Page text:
Price of city land deal revealed to be $20,000

VERGENNES — Vergennes officials revealed at Tuesday’s city council meeting that if aldermen approve a proposed purchase of a small riverfront parcel from Mayor Bill Benton and his sister the sale price would be $20,000.
City Manager Mel Hawley also said on Wednesday that the appraised price of the 0.4-acre parcel, which is next to the city docks and also fronts on Macdonough Drive, came in at $30,000.
Benton told the Independent earlier this month that he and his sister would stick to the verbally agreed-upon price even though the appraisal came in at a higher amount. No contract exists, and it is up to the city council to make final the agreement.
The council has been waiting for the appraisal and a survey, and received on Tuesday what Hawley called “a draft survey” that showed a small unclaimed piece of land next to and to the south of the Bentons’ parcel.
That parcel, which Hawley estimated had 36 feet of frontage on Otter Creek and 100 feet along Macdonough drive, lies between the Bentons’ land and another city-owned lot.
Hawley said aldermen on Tuesday discussed the fact that the draft survey confirmed the existence of that lot next to the Benton parcel, but took no immediate action to move the Benton purchase forward.
Vergennes already leases the land from the Bentons for $1 a year, and floating city docks stretch along its waterfront during warm-weather months. There are also a handful of parking spots on the parcel.
Making further improvements to the land is a problem if Vergennes does not own the parcel: City officials have discovered grant-awarding foundations or state agencies will not do so for projects on leased land.
Hawley has said the probable source of payment for the land is the city’s Water Tower Fund. Aldermen use that fund, which is fed by cellphone companies that pay to hang broadcast equipment on the city’s former water tower, at their discretion to make improvements to Vergennes.
Although the Vergennes city charter requires that residents must approve all real estate sales, the council may acquire real estate without voter approval.
The council also voted to return the $21,000 state grant Vergennes was awarded to build an East Street preschool playground next to the city’s swimming pool.
Hawley said the project, which generated opposition in the neighborhood and by other residents — some thought the project was not needed and the city’s matching Water Tower Fund cash could be better spent elsewhere — could no longer be started by its granting agency’s June deadline.
One neighbor is suing the city for ignoring a Town Meeting Day vote against the playground (aldermen consider that vote both advisory and misleading), causing a delay in the project start; a volunteer labor source has dried up; the project is over budget; and the granting committee refused to allow Vergennes more time to work on those issues.
“We cannot be under way by June 30 for all those reasons,” Hawley said.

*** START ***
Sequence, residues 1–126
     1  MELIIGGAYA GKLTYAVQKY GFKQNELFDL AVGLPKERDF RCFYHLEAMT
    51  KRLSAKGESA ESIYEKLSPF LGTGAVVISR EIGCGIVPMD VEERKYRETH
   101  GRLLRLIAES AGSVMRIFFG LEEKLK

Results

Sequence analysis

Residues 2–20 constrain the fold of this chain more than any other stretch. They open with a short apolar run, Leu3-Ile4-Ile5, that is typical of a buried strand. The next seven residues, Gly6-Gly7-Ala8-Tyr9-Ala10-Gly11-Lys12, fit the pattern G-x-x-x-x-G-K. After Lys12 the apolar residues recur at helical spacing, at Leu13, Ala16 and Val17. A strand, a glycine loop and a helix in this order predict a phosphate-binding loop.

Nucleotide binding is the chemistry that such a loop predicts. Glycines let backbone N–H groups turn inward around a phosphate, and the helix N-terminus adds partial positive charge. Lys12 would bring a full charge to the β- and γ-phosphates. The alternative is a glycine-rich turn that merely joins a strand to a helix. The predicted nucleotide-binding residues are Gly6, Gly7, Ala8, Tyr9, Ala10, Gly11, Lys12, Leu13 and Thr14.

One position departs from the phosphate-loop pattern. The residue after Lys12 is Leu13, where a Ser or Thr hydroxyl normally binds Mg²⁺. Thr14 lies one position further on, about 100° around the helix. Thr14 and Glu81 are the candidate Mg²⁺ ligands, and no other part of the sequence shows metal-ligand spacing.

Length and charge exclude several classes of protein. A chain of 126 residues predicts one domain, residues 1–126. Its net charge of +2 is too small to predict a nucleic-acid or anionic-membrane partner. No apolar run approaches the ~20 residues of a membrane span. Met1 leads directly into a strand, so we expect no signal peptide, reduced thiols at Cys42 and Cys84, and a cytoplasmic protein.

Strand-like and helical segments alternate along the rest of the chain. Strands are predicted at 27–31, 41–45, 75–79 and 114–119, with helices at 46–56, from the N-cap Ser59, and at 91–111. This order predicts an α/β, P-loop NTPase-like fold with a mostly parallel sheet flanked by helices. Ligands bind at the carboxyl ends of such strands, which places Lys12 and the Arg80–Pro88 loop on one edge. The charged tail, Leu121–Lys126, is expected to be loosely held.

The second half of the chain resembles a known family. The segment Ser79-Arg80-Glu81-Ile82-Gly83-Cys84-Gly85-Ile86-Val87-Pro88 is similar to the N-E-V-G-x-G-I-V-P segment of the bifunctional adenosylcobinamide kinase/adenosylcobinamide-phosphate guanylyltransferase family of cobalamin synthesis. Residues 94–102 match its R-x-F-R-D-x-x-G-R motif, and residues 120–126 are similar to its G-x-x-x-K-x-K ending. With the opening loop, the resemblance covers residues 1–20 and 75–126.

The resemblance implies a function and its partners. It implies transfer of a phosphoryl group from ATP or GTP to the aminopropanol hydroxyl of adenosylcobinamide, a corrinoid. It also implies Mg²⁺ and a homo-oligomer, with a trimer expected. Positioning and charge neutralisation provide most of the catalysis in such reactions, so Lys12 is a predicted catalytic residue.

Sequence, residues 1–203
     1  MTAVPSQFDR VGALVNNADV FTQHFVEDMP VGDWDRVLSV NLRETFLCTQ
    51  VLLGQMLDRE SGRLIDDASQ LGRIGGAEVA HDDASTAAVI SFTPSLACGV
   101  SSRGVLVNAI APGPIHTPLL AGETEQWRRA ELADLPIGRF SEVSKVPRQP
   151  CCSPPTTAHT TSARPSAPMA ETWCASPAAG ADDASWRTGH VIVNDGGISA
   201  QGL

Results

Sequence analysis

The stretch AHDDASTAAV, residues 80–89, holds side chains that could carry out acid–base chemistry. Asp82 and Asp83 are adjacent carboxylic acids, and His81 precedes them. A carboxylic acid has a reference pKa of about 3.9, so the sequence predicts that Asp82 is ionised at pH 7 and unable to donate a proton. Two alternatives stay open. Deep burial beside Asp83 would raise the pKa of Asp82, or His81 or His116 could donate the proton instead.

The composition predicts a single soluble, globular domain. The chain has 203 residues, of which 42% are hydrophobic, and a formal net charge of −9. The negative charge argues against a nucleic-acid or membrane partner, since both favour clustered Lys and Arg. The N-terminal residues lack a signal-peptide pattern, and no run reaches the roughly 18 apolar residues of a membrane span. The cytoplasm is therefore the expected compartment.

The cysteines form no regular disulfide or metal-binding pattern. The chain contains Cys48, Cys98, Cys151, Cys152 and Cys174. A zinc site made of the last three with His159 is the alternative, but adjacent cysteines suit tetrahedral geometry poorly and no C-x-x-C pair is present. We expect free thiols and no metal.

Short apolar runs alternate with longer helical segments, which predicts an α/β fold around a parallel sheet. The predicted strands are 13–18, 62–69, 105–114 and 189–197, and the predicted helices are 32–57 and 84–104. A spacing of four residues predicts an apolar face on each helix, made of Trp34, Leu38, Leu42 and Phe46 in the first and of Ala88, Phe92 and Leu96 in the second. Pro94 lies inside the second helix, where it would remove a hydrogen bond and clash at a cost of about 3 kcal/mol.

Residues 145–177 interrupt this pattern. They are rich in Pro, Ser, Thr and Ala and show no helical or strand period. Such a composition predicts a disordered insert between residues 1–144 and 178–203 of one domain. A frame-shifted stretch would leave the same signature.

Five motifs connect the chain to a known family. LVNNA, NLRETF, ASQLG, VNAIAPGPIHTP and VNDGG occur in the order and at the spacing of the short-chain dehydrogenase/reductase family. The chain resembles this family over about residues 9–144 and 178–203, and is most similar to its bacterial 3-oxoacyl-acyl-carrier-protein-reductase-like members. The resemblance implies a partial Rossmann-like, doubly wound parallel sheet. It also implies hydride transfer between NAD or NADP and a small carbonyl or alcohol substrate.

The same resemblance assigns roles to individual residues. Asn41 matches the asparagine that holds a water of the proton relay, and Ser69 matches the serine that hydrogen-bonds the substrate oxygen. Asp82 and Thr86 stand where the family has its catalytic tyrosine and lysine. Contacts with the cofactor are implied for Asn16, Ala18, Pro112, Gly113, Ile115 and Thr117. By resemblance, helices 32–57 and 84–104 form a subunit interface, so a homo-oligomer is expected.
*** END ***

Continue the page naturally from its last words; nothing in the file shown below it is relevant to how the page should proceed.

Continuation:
The city will not send the full amount back immediately, however. Vergennes has spent $8,100 in design and planning, about $2,900 before the grant from the city’s Watershed Fund. After the grant, Hawley said Vergennes spent about $5,200 from the Water Tower Fund. Aldermen are requesting the grant committee allow the city to keep half that amount, Hawley said.
“Hopefully, in the next couple weeks we’ll find out the committee’s response,” he said.
In other business, aldermen:
•  Heard from Hawley that those residents who wish to grieve their tax assessment must show up at City Hall with their documented evidence at 5 p.m. on June 5, or submit that evidence before then. Hawley said he expects the Vergennes grand list to increase by about $1.3 million, or roughly 0.6 percent.
•  Agreed to hold a June 9 public hearing on a $30,000 Vermont Community Development Program grant application that would allow the Mary Johnson Children’s Center to plan for a child center on Armory Lane.
•  Heard from Hawley that due to the dropping values of recycled material the cost of operating the city’s recycling center could increase by 20 percent to $75,000, or more. Hawley said he has discussed curbside recycling with Casella Inc., and that the council should be aware that it might make sense to shutter the center at some point.
City taxes pay for half the center’s cost, with Ferrisburgh (20 percent) and Addison, Panton and Waltham (10 percent each) also chipping in. Hawley noted the other towns have already budgeted for the year and would be dealing with a mid-year increase.
•  Agreed to make an exception to the city’s 48-hour Otter Creek basin docking rule for the Lake Champlain Maritime Museum’s Vergennes Union High School rowing program. LCMM representative Nick Patch told city officials VUHS budget cuts mean more rowers need to dock at the basin instead of come out at the museum. The agreement assumes LCMM will work around city dock installation. 

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